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47 Cards in this Set

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What is glargine?
a long acting insulin, does not produce peak, constant concentration throughout the day
What are the 4 different insulin types?
Ultra Short, Rapid, Intermediate, Long Acting
What are some names of ULTRA-SHORT acting insulin?
Lispro (Humalog), Novolog
What are some names of INTERMEDIATE insulin?
Isophane Insulin Suspension (NPH), Insulin Zinc Supression (Lente)
What are some names of LONG-LASTING insulin?
Extended Insulin Zinc Suspension (Ultralente), Glargine (Lantus)
What are some names of RAPID acting insulin?
Insulin (Regular), Prompt Insulin Zinc Suspension (Semilente)
Generally, what duration of action is Ultra Lente insulin?
Long-acting
What is glyburide (DiaBeta, Micronase)?
a 2nd generation sulfonylurea, oral hypoglycemic agent
What is tolbutamide (Orinase)?
a 1st generation sulfonylurea, oral hypoglycemic agent
What is rosiglitazone (Avandia) and how does it work?
Thiazolindedione, oral hypoglycemic agent

Increases sensitivity of peripheral cells and hepatic cells to insulin
What are Thiazolindinediones?
a drug class that works to lower the resistance to insulin in muscle, liver, and fat cells, resensitizing them to insulin.
What is Metformin (Glucophage)?
an anti-diabetic drug from the biguanide class of oral antihyperglycemic agents
What is the mode of action of Biguanides?
Tendency to reduce gluconeogenesis in the liver, thereby, reducing the level of glucose in the blood

Also tends to make the cells of the body more willing to absorb glucose already present in the blood stream.
What is the prototypical 1st generation sulfonylurea?
Tolbutamide
What is the prototypical 2nd generation sulfonylurea?
Glyburide
What is the method of action of Metformin?
reduction of hepatic gluconeogenesis, decreased absorption of glucose from the gastrointestinal tract, and increased insulin sensitivity.
There are three
What does Glipizide (Glucotrol) treat?
treats Type II diabetes by increasing beta cell production
What does Glyburide (Micronase, DiaBeta) treat?
treats Type II diabetes by increasing beta cell production of insulin

-2nd Generation Sulfonylureas
What is the mode of action of Sulfonylureas?
Stimulates the release of insulin from pancreatic beta-cells
What's the difference between first and second generation sulfonylureas?
Second generation (fewer drug interactions, & side effects, more commonly prescribed)
Notes: in rare cases, ------ may lead to lactic acidosis (it can impair the hepatic metabolism of lactic acid)
Metformin
Pioglitazone (Actos)
oral hypoglycemic, thiazolidinedione derivatives
Rosiglitazone (Avandia)
oral hypoglycemic, thiazolidinedione derivatives
Name two thiazolidinediones (glitazones):
Pioglitazone & Rosiglitazone
-glitazone

Rosi/Pio
Type I diabetes mellitus
An inability to metabolize carbohydrates caused by an overt insulin deficiency that occurs in children and adults
Type II diabetes mellitus
Type of diabetes in which patients are not insulin dependent but they may take insulin to correct the hyperglycemia
What does glucagon initiate?
Glycogenolysis
Action of glycogenolysis?
Opposes the action of insulin (increasing the blood glucose level)
IDDM
Insulin-dependent diabetes, Type I diabetes mellitus, also known as juvenile-onset diabetes.
Signs and symptoms of hyperglycemia?
ed pulse rate, abnormal breathing, and a fruity, acetone odor to their breath.
Signs and symptoms of hypoglycemia?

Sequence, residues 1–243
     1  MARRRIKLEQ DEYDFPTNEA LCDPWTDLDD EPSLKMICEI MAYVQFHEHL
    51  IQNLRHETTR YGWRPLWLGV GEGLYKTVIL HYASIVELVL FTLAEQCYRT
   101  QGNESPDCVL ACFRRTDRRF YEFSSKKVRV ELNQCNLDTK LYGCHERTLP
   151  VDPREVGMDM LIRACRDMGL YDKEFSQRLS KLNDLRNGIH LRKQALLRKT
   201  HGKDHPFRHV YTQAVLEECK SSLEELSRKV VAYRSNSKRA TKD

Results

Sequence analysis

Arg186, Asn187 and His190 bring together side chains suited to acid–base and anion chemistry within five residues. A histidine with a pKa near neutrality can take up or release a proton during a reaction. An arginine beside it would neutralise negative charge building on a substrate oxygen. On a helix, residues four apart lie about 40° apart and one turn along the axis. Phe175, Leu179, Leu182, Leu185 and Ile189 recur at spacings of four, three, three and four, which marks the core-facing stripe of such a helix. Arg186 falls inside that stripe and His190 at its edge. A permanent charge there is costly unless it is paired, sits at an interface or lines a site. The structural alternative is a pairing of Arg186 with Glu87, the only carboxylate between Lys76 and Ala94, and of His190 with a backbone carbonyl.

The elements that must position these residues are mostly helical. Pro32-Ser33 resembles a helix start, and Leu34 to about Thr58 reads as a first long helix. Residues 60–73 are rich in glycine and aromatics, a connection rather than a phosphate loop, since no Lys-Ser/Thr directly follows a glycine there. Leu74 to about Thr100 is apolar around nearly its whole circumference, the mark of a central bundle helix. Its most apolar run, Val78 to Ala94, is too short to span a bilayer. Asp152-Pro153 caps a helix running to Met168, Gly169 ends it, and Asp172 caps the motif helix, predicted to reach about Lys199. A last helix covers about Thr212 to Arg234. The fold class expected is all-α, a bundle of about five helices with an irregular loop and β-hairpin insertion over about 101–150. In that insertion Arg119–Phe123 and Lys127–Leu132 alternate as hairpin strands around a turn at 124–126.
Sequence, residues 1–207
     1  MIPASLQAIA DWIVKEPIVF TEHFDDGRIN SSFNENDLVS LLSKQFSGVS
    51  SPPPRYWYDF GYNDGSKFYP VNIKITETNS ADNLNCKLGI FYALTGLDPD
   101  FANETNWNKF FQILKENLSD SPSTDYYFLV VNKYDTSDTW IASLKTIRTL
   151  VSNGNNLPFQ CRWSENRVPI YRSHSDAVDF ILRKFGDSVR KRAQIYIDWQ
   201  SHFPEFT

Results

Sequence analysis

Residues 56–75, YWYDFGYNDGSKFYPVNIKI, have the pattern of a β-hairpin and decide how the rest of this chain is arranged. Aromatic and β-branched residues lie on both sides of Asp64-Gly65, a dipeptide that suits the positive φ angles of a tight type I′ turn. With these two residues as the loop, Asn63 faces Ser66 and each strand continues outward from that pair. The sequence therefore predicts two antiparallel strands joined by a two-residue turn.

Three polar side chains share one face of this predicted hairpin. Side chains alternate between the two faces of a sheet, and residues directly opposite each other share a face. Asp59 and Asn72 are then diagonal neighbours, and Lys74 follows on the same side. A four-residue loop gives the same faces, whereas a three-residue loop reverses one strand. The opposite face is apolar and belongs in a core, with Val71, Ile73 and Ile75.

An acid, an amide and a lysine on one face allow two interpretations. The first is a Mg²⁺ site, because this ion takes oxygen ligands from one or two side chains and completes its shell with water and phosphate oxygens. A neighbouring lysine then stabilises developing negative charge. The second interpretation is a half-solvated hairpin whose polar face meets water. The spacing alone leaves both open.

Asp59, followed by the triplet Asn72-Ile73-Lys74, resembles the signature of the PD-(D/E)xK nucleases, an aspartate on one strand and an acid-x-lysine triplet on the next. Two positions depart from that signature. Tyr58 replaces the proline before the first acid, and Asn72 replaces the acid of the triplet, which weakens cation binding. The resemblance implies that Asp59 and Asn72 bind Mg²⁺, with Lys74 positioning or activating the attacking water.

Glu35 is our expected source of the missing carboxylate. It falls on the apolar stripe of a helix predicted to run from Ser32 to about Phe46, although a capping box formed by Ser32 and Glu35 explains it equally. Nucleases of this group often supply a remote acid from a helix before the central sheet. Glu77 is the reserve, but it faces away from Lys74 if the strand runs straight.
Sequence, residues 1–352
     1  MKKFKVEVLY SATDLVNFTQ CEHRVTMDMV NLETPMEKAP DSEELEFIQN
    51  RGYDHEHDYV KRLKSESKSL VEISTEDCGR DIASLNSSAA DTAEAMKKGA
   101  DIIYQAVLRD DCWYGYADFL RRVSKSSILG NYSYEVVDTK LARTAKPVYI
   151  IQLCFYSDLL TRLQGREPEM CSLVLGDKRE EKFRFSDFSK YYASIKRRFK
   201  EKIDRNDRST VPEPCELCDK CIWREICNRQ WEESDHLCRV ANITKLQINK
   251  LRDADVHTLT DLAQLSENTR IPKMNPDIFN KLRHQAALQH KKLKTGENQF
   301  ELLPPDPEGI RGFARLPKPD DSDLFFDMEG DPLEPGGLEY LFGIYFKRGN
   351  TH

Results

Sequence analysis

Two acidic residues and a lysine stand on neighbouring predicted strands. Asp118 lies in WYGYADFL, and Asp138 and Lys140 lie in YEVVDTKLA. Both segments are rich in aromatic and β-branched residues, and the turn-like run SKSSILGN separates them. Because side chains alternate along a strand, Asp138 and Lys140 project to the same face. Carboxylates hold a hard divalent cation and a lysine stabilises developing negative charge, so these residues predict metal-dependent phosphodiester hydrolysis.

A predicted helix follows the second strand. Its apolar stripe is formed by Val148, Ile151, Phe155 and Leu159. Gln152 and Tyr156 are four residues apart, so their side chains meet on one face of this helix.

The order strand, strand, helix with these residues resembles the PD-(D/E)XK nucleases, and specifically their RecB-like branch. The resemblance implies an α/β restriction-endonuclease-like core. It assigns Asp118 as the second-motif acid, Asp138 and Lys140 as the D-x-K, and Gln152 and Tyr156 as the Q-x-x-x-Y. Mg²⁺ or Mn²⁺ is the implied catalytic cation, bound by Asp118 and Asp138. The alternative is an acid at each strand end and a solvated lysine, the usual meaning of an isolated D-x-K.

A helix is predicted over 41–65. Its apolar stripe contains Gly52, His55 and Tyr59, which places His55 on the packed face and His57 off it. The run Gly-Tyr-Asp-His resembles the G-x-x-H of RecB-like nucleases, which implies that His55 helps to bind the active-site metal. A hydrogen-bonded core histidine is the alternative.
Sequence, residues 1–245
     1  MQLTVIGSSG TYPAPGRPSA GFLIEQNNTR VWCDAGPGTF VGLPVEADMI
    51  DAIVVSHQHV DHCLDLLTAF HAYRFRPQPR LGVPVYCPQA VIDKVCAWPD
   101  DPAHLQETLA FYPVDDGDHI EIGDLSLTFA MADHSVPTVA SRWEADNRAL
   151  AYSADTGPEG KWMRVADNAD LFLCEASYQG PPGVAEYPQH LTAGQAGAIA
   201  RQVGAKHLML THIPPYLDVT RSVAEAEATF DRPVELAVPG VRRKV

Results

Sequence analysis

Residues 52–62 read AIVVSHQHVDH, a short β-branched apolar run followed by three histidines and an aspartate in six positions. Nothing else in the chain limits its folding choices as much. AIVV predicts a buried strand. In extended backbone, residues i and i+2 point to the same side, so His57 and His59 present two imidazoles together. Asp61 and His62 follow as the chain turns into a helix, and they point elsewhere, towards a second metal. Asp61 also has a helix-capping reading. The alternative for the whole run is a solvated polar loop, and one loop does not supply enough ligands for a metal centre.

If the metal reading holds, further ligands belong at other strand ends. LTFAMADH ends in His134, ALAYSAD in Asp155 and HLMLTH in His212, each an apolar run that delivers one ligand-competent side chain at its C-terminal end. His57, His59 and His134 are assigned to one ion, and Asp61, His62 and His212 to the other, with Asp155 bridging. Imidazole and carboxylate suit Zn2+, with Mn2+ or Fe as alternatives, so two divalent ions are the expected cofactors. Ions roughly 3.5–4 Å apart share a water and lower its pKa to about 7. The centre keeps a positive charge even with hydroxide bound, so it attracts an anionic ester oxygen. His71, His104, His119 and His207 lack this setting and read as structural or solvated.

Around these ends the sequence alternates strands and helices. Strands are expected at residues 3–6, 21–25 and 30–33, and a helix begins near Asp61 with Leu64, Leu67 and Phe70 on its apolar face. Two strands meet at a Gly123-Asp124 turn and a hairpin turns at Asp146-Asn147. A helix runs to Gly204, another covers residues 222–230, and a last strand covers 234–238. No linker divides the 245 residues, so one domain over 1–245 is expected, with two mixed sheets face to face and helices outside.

Weakness, nervousness, cold and clammy skin, sweating, paleness of the skin, and shallow, rapid breathing. Notify physician if any of these symptoms occur.
Which insulin has the longest duration?
a. Regular
b. Lente
c. NPH
d. Ultra Lente
d. Ultra Lente
Which type of insulin can be given intravenously?
a. Regular
b. Lente
c. NPH
d. Ultra Lente
a. Regular
How does Diazoxide (Proglycem) work?
Inhibits the generation of an action potential, by switching off calcium ion channels and activating potassium channels (increasing smooth muscle tissue membrane permeability to potassium ions)
Uses of Diazoxide (Proglycem)
It is used as a vasodilator in the treatment of acute hypertension

It reverses hypoglycemia, raising blood sugar.
What is hypertension?
Chronically elevated high blood pressure

Hypertension has been associated with a higher risk of heart attack or stroke.
What medications are used to treat diabetes mellitus?
anti-diabetic drugs or oral hypoglycemic agents
non-oral antidiabetic drugs:
Insulin, exenatide, and pramlintide.

(Exenatide and pramlintide are new injectable medications approved in 2005 in the U.S. by the FDA to treat Diabetes mellitus type 2)
Sulfonylureas bind strongly to _______.
plasma proteins
Sulfonylureas are only useful in ________, as they work by stimulating the release of insulin.
Type II diabetes
Name three first-generation Sulfonylureas
1. tolbutamide (Orinase)
2. tolazamide (Tolinase)
3. chlorpropamide(Diabinese)
Name three second-generation Sulfonylureas
1. glipizide (Glucotrol)
2. glyburide (Diabeta, Micronase, Glynase)
3. glimepiride (Amaryl)
What does the medication class, thiazolidinedione, treat?
The only approved use of the thiazolidinediones is in diabetes mellitus type 2
What is Glucagon?
Glucagon helps maintain the level of glucose in the blood by binding to glucagon receptors on hepatocytes, causing the liver to release glucose - stored in the form of glycogen - through a process known as glycogenolysis.
What is Acarbose (Precose)?
an anti-diabetic drug used to treat type 2 diabetes mellitus and, in some countries, prediabetes
What is the mechanism of action of Acarbose?
Acarbose inhibits enzymes needed to digest carbohydrates, thereby reducing the rate of digestion of complex carbohydrates.

Less glucose is absorbed because the carbohydrates are not broken down into glucose molecules.
What drug class usually ends in -ide?
Oral hypoglycemics